> impossible, just that there were technical challenges involved. This is
> true. However, I think arguments such as yours are too often seen by
> others as 'proof' that probes are impossible. So it is worth just setting
> out again some of the reasoning.
>
> Probes might be self-replicating, or launched as a fleet. Either way,
> let's be miserably pessimistic and say that it would take a wave of
> probes 100 million years to saturate the galaxy. That is 100th the age of
> our galaxy. I truly find it hard to imagine that, in roughly 10 billion
> years, with a few hundred billion stars to choose from, that no single
> instance of intelligent life has had such an idea and at least partially
> implemented it. (OK, let's assume you need second generation stars, plus
> intelligent life takes 4 billion years to evolve - so make that 4 billion
> years.) It follows that there is at least a chance we could find evidence
> of extraterrestrial intelligence *within the confines of our solar
> system*.
>
> Arguments against looking for such evidence seem weak. There are the
> technical ones - we don't know interstellar travel is possible, etc.
> Well, NASA seems to think it is - even with technology only a hundred
> years or so beyond present day - plus we've had at least one meteorite
> land on Earth which originated in another solar system - plus we are
> talking about ETI's with technologies considerably in advance of our own.
> Interstellar travel is probably difficult (so is space flight, so is
> building a computer) - but to rule out interstellar travel as impossible
> when we cannot possibly *know* it is impossible seems very foolish. The
> other argument against looking for probes in our solar system really
> comes down to ignoring the problem and hoping it will go away - 'give us
> a good search stgrategy and maybe we'll think about it...' Several people
> have been offering good ideas for years - Allen Tough among them. And
> more to the point, if people don't like the ideas that have been
> suggested, why not *help* us design good ideas? The important thing is to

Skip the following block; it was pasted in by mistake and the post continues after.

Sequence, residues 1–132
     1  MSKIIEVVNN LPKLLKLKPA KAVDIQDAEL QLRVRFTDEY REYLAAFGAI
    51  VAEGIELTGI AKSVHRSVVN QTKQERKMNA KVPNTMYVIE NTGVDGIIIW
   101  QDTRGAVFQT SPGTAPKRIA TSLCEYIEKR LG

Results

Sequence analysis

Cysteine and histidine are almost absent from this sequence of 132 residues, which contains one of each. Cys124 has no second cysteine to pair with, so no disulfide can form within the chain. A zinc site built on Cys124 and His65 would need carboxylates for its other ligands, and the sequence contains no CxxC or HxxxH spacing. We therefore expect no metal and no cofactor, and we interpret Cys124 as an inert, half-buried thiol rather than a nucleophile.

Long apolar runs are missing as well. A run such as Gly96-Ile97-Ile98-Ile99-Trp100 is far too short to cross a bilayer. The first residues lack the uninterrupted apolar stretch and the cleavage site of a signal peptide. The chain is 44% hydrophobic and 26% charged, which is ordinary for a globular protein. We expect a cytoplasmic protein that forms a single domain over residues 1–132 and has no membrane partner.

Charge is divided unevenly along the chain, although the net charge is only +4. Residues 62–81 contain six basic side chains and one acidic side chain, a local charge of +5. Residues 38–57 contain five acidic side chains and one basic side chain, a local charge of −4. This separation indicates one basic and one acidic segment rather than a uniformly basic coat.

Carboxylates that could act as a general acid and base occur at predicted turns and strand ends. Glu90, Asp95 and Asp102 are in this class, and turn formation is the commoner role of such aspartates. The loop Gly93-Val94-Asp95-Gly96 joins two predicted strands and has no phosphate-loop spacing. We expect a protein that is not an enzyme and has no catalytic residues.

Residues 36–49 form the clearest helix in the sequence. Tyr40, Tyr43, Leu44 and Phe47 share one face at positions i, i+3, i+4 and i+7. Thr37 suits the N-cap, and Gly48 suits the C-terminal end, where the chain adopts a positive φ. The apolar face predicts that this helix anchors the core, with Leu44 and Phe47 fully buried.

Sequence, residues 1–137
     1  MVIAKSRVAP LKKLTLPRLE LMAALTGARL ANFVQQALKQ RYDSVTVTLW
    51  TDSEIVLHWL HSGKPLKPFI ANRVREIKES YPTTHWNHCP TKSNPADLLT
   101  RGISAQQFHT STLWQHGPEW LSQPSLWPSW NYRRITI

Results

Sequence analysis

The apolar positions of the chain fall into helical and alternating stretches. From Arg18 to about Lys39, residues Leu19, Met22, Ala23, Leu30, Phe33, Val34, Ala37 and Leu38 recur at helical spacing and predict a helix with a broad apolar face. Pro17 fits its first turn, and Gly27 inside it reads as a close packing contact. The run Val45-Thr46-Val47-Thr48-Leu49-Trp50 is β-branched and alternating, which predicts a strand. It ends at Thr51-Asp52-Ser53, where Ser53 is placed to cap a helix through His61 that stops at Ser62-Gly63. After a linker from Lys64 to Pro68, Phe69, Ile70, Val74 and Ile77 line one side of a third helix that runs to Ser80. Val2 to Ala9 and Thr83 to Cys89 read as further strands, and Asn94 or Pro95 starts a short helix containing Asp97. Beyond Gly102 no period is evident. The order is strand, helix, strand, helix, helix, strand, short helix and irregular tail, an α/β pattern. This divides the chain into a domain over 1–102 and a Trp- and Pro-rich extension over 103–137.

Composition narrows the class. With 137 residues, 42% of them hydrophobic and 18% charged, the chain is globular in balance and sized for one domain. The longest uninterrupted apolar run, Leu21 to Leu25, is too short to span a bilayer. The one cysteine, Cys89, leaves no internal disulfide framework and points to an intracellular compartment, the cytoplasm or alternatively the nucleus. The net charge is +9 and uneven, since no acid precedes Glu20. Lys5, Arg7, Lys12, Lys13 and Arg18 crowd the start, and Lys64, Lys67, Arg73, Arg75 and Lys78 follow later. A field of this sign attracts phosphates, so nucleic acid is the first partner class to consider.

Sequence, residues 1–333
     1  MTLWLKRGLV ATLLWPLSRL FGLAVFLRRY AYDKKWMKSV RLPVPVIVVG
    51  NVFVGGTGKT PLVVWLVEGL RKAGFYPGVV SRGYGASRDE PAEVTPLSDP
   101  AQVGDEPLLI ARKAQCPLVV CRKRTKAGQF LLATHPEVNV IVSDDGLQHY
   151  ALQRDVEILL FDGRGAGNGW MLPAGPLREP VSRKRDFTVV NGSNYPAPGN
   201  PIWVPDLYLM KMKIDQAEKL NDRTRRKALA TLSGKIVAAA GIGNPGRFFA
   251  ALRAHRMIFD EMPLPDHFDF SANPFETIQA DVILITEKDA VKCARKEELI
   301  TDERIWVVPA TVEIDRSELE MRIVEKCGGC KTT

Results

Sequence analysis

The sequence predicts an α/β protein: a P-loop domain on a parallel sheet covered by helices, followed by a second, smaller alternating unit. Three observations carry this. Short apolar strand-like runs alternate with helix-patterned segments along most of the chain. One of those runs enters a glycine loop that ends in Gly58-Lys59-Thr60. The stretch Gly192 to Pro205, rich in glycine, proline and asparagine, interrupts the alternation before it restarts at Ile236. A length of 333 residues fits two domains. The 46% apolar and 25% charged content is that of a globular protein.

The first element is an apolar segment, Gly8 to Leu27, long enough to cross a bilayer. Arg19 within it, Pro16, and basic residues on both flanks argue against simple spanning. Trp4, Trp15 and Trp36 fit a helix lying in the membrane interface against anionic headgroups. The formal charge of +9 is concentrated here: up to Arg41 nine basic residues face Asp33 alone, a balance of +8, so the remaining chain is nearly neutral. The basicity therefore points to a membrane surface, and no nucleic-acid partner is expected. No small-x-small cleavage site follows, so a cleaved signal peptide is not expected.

> recognise the *need*.
>
> I personally find it haunting in the extreme to think that I may be
> sitting within a few AU of absolute proof that ETI exists. It may not be
> a functioning probe, it may just be a relic - even the equivalent of a
> flag planted millions of years ago... If someone told you that there was
> a 50% chance that something like AC Clarke's obelisk really *was* sitting
> on the moon (or in orbit, or on an asteroid), would you just ignore the
> possibility? Effectively, that's what's happening. That chance is very
> real indeed - and no one seems to want to do a thing about it.
>
> This isn't cranky. This is an attempt to define a new branch of SETI. One
> with a real chance of success.
>
> Not everyone can do everything. The SETI League is a radio-based
> organisation. But its members are not solely interested in radio, they
> are also interested in ETI. Plus they (you all) are deeply creative,
> innovative, and have the courage to think new thoughts. If any new
> initiative in the area of searching for probes were to start, the grass
> roots of the SETI League would be a wonderful place for it to happen.
>
> If anyone is interested in throwing ideas around, I would love to talk
> with you. I know Allen - and a few others - would too. You might also
> want to have a look at a mathematical treatment of the problem on my
> website - I try to quantify the chances that there is something here
> worth looking for - www.burke-ward.demon.co.uk (some of you have already
> looked and commented - thanks).
>
> Richard